So I’m gearing up (slowly) to start on my next novel, and in preparation I’m thinking about openings. The opening of my laslt unpublished novel was probably the weakest part, and it’s something that I always struggle with. While pondering the ways in which my next WIP will begin, I decided to have a look at the openings of several of my favorite novels, to make a study of what they do, and what I can learn from them.
The parameters are simple: I’m looking at the first chapter of first books (if the book is part of a series), and the first sentences and first paragraphs of that chapter. It has to be a book I’ve already read, so that I can compare the opening with what I know of the rest of the book, and it has to be a book that I liked. I’ll also be sticking to genre works, and though I will use books by some famous authors, I’ll try to stick to earlier works. (The idea being that a BNA has more leeway to experiment with different kinds of openings, while I don’t.) I’m also open to suggestions if my readers (both of them) care to make them.
First up: Devices and Desires by KJ Parker. I’ll print the opening paragraph, with the opening line in bold:
“The quickest way to a man’s heart,” said the instructor, “is proverbially through his stomach. But if you want to get into his brain, I recommend the eye-socket.”
Thoughts: The first sentence is nothing special. If this were a short story, I might even recommend changing it. In a novel, you have a little more leeway–maybe as much as a page–before a reader or editor will reject you, so this is evidently okay. (Or so I’ve heard.) The second sentence that finished the paragraph is where the meat is: it illustrates the black humor that will permeate the novel, sets the tone, and establishes the theme of warfare. We already know that this will be a book about violence–specifically, as we’ll see in the next paragraph, fencing. There may be a double meaning in the instructor’s words as well: it turns out that our protag is in love, as a pretty young duchess has gotten into his brain and heart through his eye, and the results will be no less devastating than a simple rapier into the brain. Finally, this line is repeated almost verbatim at the opening of the next two books in the trilogy, providing important thematic continuity.
The second paragraph of this novel is so excellent that I feel compelled to share it, as well:
Like a whip cracking, he uncurled his languid slouch into the taut, straight lines of the lunge. His forearm launched from the elbow like an arrow as his front leg plunged forward, and the point of the long, slim sword darted, neat as a component in a machine, through the exact center of the finger-ring that dangled from a cord tied to the beam.
Now that is some really fine action writing. Take a look at those verbs: cracking, launched, plunged, darted. Notice also the phrase “neat as a component in a machine”–echoing another of the trilogy’s themes, that of mechanism and machinery.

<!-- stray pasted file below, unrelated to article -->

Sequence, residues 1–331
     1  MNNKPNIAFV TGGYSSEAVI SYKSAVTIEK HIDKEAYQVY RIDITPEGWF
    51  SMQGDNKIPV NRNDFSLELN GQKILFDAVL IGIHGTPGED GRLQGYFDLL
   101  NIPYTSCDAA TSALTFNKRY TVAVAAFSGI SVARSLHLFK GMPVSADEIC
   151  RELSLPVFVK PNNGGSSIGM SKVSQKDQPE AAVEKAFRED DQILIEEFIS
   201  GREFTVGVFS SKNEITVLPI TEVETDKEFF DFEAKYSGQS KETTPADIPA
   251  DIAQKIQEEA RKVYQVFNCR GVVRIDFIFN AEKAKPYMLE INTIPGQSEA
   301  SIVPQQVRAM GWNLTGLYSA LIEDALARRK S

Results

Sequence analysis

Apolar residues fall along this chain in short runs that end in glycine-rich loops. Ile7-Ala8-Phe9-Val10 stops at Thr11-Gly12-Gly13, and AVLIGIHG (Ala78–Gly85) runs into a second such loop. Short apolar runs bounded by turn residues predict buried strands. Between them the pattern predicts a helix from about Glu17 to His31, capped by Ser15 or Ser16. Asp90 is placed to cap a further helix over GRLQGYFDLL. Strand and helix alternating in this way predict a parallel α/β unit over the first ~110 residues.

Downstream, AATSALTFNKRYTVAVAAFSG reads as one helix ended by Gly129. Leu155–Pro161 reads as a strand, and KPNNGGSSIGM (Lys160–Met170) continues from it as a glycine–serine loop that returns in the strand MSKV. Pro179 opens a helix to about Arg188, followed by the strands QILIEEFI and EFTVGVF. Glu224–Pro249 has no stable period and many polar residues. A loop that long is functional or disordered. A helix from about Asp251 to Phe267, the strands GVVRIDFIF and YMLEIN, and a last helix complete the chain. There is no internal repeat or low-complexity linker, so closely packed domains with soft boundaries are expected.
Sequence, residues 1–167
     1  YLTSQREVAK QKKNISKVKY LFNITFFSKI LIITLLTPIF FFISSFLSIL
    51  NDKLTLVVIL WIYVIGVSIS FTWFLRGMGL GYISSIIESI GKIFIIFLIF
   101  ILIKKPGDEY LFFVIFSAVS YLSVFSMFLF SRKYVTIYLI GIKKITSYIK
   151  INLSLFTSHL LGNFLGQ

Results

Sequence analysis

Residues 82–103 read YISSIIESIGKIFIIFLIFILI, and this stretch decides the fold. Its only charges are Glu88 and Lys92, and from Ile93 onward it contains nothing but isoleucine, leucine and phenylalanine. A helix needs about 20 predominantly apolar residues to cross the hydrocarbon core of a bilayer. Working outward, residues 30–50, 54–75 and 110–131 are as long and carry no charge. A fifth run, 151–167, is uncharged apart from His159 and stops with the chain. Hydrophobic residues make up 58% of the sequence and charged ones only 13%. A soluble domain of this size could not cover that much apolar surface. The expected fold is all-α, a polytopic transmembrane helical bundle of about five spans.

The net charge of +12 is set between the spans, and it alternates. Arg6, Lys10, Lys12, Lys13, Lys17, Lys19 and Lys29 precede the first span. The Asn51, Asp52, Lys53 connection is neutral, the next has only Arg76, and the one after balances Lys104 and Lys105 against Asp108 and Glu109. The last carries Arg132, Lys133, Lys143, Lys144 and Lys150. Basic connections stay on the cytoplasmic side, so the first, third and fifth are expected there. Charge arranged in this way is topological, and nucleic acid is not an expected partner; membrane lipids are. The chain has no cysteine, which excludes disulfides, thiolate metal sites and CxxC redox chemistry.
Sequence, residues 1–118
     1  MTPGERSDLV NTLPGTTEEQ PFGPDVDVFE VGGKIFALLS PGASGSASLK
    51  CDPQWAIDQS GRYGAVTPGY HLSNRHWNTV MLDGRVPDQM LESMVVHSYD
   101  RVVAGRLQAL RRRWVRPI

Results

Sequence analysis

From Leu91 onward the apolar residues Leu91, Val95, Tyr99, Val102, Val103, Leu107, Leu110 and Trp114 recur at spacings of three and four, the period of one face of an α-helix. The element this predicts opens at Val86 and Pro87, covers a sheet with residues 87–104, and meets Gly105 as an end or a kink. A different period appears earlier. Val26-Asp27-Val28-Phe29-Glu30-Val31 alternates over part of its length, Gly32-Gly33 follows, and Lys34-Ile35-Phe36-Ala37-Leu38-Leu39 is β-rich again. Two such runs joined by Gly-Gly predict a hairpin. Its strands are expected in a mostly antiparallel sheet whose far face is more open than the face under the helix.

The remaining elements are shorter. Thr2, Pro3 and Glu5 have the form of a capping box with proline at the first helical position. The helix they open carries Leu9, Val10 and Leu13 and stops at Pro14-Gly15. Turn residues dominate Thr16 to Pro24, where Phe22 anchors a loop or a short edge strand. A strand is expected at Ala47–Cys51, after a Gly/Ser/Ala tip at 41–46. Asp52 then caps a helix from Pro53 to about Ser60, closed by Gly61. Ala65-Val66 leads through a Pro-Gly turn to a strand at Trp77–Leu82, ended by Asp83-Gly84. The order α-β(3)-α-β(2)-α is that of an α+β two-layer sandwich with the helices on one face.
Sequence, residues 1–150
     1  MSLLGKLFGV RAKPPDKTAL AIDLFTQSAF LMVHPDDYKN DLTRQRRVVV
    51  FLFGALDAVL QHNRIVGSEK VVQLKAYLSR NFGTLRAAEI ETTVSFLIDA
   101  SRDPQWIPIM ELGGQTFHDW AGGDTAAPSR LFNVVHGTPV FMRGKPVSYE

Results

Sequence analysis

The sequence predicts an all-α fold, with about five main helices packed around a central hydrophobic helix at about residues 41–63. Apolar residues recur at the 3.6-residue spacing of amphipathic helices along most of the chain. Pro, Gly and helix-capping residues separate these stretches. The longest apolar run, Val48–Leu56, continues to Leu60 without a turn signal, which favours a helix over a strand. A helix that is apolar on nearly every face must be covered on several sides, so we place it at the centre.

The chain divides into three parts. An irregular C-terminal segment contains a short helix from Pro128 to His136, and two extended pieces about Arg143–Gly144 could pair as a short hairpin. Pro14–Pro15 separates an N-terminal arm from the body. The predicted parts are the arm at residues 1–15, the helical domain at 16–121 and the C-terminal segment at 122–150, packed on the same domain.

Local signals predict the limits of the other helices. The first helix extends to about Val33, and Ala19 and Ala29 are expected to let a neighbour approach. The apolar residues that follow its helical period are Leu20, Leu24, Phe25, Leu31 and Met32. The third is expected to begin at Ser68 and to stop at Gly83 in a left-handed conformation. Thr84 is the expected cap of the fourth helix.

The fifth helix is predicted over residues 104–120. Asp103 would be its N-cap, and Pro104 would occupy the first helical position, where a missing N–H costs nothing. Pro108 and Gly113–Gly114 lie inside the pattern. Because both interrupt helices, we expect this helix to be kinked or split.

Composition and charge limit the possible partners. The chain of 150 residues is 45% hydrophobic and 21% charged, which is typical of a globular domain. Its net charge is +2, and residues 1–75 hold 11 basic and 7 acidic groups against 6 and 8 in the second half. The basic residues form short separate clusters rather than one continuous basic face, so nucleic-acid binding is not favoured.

Notice that we haven’t gotten any names yet. The protag is first mentioned in paragraph three.
The rest of the chapter:
The protag, young Duke Valens (though he isn’t actually Duke until the end of the chapter), is at a fencing lesson. This lasts for three pages, by the end of which we have a pretty clear understaning of Valens’ character. He is resentful of his father and doesn’t like being a Duke, but he is also fiercely determined, talented, and smart. Parker shows us all of this through Valens’ internal dialogue, without once resorting to overt characterization.
On page four we realize that Valens is in love. The girl he wants isn’t named at first–she’s just “she”, which is perfectly appropriate given the close 3rd POV that Parker uses. Valens is trucked off to a state dinner, where we see the representatives of a neighboring, industrialized country, and where Valens actually gets to talk to his crush. We’re introduced to the political situation and learn a little about the duchess’s character, and then…
In the second half of the chapter something strange happens. We skip a few years, find out second-hand that the duchess has been married to someone else, kill off the old Duke, and make Valens the new Duke. And then chapter two begins in a different country, roughly ten years later.
So everything in chapter one turns out to be backstory, introducing us to the pieces that will be in play when the main plot arc begins in the second chapter. This works because it’s not told as backstory: all of the description is vivid and immediate, and plenty of things happen. There is no shortage of action and character in the first chapter, and our attention is never allowed to wander.